Sermons

Current Series

Daniel

Daniel captures the major events in the life of the prophet Daniel during Israel's exile. His life and visions point to God's plans of redemption and sovereign control of history.

Jeremiah

This book preserves an account of the prophetic ministry of Jeremiah, whose personal life and struggles are shown to us in greater depth and detail than those of any other Old Testament prophet.

Genesis

Genesis speaks of beginnings and is foundational to the understanding of the rest of the Bible. It is supremely a book that speaks about relationships, highlighting those between God and his creation, between God and humankind, and between human beings.

Ephesians

Unlike several of the other letters Paul wrote, Ephesians does not address any particular error or heresy. Paul wrote to expand the horizons of his readers, so that they might understand better the dimensions of God's eternal purpose and grace and come to appreciate the high goals God has for the church.

Proverbs

Proverbs was written to give "prudence to the simple, knowledge and discretion to the young," and to make the wise even wiser. The frequent references to "my son(s)" emphasize instructing the young and guiding them in a way of life that yields rewarding results.

Matthew

Matthew's main purpose in writing his Gospel (the "good news") is to prove to his Jewish readers that Jesus is their Messiah. He does this primarily by showing how Jesus in 

Luke

Luke's Gospel (the "good news") was written to strengthen the faith of all believers and to answer the attacks of unbelievers. It was presented to debunk some disconnected and ill-founded reports about Jesus. Luke wanted to show that the place of the Gentile (non-Jewish) Christian in God's kingdom is based on the teaching of Jesus.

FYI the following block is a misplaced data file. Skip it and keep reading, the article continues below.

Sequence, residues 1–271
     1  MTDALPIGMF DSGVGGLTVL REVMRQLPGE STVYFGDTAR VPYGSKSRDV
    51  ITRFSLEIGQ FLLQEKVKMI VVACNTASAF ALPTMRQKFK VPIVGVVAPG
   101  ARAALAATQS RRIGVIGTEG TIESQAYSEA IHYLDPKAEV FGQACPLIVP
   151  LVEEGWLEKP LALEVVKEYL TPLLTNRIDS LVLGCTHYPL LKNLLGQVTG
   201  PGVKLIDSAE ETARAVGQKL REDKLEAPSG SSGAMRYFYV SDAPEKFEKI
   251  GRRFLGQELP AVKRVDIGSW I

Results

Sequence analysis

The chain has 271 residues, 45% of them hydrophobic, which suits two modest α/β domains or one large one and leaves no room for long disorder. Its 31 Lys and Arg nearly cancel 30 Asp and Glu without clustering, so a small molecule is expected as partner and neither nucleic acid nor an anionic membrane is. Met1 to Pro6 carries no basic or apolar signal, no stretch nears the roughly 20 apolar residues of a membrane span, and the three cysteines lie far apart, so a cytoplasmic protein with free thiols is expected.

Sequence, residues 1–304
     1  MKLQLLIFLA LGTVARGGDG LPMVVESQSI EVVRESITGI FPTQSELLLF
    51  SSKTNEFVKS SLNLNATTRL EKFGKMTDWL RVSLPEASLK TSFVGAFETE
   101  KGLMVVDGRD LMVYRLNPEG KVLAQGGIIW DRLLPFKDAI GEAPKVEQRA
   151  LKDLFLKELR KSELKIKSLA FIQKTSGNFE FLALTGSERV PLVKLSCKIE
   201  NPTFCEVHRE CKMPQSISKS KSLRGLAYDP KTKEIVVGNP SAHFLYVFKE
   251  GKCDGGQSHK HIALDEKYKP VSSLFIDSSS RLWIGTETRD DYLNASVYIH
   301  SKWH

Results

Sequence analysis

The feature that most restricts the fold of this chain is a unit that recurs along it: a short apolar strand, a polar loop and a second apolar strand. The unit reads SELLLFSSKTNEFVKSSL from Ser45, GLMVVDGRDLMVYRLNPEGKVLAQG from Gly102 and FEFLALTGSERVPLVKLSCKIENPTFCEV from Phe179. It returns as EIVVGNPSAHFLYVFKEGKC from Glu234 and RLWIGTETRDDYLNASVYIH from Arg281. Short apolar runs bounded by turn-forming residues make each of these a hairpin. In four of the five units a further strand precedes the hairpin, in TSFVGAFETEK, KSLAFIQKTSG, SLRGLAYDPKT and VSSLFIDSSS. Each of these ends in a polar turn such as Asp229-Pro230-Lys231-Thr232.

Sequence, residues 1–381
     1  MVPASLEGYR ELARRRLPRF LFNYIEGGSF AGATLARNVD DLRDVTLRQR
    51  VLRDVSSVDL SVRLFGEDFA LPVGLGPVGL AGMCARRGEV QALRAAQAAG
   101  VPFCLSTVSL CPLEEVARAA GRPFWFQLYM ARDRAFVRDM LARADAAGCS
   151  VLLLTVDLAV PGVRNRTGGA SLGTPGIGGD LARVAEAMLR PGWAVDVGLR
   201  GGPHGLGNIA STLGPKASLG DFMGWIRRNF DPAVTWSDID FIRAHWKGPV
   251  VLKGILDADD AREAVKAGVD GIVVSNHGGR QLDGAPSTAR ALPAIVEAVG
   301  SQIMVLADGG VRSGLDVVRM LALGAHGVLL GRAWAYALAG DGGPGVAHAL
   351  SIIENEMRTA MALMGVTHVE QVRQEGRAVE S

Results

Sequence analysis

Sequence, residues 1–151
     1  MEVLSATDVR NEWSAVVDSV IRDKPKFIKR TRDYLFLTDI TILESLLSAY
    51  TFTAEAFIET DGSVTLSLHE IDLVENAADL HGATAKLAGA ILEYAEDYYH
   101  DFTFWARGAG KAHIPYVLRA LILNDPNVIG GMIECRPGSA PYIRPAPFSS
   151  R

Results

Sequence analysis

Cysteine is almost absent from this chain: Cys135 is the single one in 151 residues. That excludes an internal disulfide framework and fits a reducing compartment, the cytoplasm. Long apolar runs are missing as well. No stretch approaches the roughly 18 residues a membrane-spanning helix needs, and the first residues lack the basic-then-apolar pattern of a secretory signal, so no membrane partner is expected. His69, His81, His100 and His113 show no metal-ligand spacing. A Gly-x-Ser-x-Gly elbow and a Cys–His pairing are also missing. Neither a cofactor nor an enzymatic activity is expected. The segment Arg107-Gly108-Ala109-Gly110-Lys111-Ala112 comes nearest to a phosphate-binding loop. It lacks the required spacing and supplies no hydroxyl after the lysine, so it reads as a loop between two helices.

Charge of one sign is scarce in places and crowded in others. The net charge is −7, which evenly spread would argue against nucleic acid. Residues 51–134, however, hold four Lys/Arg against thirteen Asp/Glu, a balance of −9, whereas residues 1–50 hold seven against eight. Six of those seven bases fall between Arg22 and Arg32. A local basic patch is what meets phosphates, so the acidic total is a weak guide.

Mark

Since Mark's Gospel (the "good news") is traditionally associated with Rome, it may have been occasioned by the persecutions of the Roman church in the period c. A.D. 64-67. Mark may be writing to prepare his readers for such suffering by placing before them the life of our Lord.

Psalms

The Psalms are collected songs and poems that represent centuries worth of praises and prayers to God on a number of themes and circumstances. The Psalms are impassioned, vivid and concrete; they are rich in images, in simile and metaphor.

2 Corinthians

Because of the occasion that prompted this letter, Paul had a number of purposes in mind: to express the comfort and joy Paul felt because the Corinthians had responded favorably to his painful letter; to let them know about the trouble he went through in the province of Asia; and to explain to them the true nature (its joys, sufferings and rewards) and high calling of Christian ministry.

2 Chronicles

2 Chronicles continues the account of Israel's history with an eye for restoration of those who had returned from exile.

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